Andy Adler BVM&S MBA MRCVS, Veterinary Director of Lifetime
With winter now behind us and the sun occasionally showing over the hedge we can now begin to look ahead to the upcoming spring turnout. Before the turnout arrives there will be a few decisions that you need to make with regards to parasite control, and below I set out some key questions and considerations to help prepare you for a successful season.
There are several things to control and that need careful consideration when preparing for the turnout. The principle parasites which are growth weight limiting are Cooperia and Ostertagia, as well as others which are less significant. These parasites will all cause your animals to not put on weight as efficiently. Lungworm immunity is an important factor to be considered as it can cause rapid decline in weight which can be fatal.
There are drugs and treatment programmes that can be designed to cover all of these key parasites, and we would recommend engaging with your vet, SQP or animal health advisor to devise a plan that is most effective for you, your farm and your animals.
The key factors and questions to bear in mind when devising your health plan are set out below:
When considering which treatment plan you would like to use it is important to consider if your facilities are suitable and allow your treatment plan to be a viable option. Typically when advising farmers I would ask them to consider the following;
- Handling facilities – are they safe and easy to negotiate with the treatment plan in mind?
- What access do you have to the animals throughout the year? Will it be easy to apply topical treatments throughout the season?
- Are you able to weigh your animals to ensure accurate dose rates?
Do your staffing levels allow for animals to be treated before they go to grass with one long acting treatment, or is it easier at a busy time of year to put them out and then treat them later in the season? What plan is the most cost and time effective for your resources?
It is important to assess the pasture available for the season, and what its previous uses have been. This directly impacts the different parasites and risk profiles that your animals are likely to come up against in the season and should therefore be a key consideration for treatment plans. For example, pastures that have had young animals in the previous 6 months compared to a silage aftermath which has not been grazed or new lay arable field will have very different risk profiles for parasites.
Reflecting on last season
Did you have any concerns about the growth rates of your animals or the wormer efficacy that you used last year? Were your growth rates as expected? All sheep should have a wormer resistance profile however with cattle so far, we have seen less resistance. There are farms with known parasite problems and so if you are struggling it is always worth discussing with your vet or SQP.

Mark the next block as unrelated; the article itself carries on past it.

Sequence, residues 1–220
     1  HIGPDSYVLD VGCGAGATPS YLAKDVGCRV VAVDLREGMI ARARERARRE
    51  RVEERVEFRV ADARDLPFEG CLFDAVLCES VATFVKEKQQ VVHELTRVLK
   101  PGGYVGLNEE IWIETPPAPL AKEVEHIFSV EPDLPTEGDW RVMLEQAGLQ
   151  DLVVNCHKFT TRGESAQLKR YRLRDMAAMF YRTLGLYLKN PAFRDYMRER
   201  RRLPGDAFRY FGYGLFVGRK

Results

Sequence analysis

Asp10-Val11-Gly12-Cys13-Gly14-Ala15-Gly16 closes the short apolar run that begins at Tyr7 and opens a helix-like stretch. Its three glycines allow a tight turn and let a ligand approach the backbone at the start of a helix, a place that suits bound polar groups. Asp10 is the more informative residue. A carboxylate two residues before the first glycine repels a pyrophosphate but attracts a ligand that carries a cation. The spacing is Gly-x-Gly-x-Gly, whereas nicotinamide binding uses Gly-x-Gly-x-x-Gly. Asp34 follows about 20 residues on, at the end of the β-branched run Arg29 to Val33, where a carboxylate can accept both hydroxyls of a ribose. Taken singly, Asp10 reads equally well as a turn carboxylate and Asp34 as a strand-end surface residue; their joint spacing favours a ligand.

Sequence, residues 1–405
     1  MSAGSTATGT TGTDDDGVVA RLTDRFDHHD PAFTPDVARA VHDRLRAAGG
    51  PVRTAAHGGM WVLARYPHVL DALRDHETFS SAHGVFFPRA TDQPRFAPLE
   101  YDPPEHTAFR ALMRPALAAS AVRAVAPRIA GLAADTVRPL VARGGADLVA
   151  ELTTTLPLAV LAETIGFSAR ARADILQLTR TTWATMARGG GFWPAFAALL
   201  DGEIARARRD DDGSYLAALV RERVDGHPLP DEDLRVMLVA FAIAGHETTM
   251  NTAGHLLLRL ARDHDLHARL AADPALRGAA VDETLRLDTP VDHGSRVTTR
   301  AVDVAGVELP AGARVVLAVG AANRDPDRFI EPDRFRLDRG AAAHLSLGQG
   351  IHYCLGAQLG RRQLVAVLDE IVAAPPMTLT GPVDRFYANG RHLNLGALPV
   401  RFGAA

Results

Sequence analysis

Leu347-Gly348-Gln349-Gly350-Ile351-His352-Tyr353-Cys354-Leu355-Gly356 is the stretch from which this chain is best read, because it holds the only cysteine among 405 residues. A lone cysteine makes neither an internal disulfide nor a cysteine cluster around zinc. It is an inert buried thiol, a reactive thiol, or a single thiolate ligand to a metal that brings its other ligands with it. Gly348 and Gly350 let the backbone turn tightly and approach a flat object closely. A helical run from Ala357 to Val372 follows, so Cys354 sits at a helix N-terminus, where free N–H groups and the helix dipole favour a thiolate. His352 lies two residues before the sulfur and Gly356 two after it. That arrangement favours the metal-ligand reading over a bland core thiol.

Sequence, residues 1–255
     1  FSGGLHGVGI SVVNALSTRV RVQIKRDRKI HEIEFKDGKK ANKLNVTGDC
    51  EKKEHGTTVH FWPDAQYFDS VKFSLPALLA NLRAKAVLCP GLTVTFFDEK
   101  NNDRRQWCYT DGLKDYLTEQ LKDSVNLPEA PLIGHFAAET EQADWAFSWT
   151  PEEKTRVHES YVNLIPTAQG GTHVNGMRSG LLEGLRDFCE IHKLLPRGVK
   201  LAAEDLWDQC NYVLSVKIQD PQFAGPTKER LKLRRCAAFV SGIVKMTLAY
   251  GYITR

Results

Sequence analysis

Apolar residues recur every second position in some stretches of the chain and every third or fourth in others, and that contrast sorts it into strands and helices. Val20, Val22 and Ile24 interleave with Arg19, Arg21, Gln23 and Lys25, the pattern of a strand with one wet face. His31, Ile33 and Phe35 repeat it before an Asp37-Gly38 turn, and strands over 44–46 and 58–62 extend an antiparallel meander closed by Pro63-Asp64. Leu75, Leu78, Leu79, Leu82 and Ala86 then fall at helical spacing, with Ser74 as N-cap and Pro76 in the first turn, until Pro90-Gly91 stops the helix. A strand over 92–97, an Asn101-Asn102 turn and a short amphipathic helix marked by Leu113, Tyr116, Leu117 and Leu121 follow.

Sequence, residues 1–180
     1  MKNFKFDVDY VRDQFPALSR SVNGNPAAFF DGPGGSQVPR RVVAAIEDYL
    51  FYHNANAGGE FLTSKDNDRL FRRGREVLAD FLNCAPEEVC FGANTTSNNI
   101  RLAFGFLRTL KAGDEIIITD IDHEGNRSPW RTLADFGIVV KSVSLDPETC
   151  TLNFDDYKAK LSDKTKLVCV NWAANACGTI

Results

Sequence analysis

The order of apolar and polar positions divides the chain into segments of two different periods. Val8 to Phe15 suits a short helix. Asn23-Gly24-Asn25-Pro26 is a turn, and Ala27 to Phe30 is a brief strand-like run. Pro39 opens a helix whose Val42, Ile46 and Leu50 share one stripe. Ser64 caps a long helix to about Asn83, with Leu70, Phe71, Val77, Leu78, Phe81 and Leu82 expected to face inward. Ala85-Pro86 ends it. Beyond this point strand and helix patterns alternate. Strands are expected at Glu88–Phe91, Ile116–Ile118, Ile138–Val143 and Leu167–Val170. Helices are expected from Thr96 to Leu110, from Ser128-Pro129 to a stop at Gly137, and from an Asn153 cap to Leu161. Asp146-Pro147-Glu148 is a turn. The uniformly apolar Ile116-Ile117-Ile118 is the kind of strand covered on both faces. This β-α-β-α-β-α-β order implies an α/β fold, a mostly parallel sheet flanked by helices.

What animals are you worming?
You may have different targets for different animals. Replacement heifers will need to build up a good lungworm immunity whereas this is not so important with beef animals which will never become adult. Second year grazing animals may have a strong immunity already or could be close to finishing and thus meat withdrawals need to be kept in mind.
The 5 R’s
Whenever you give an animal a wormer we would recommend you think about the 5 R’s as described by the COWS guide to effective use of cattle wormers:
- The RIGHT product for the type of worm – make sure you are not using a fluke treatment at turnout.
- The RIGHT animal – focus prevention on young animals who have been weaned.
- The RIGHT time – as above.
- Dose cattle at the RIGHT dose rate – weigh animals before giving a dose depended wormer
- Administer wormer in the RIGHT way – making sure you give a pour-on wormer on the skin and oral wormer orally.
The first sign of a parasite problem is a lack of growth rate, and so it is important to weigh animals throughout the season, where possible, to ensure the most accurate recording of growth weight as this helps to identify issues where other clinical signs may not be presenting. This also allows you to reflect on the wormer strategy or on the amount and quality of nutrition the animals are receiving.
We would always recommend having a treatment strategy in place as best practice, which is effective, practical and deliverable.
Considerations should also be made with regards to using a long- acting worming bolus, pour-on or injection. Using shorter acting pour-on or injection products throughout the summer is effective alternative to long-acting products when the treatment strategy is followed. However, with all products, lungworm can still be a risk in the Autumn and it is important to remember that no product lasts more than 4 or 5 months.
If you would like to discuss your worming strategies, or need assistance in creating a plan for the new season then contact one of the SQPs at Mole Valley or speak to our vets at Molecare who will be happy to help.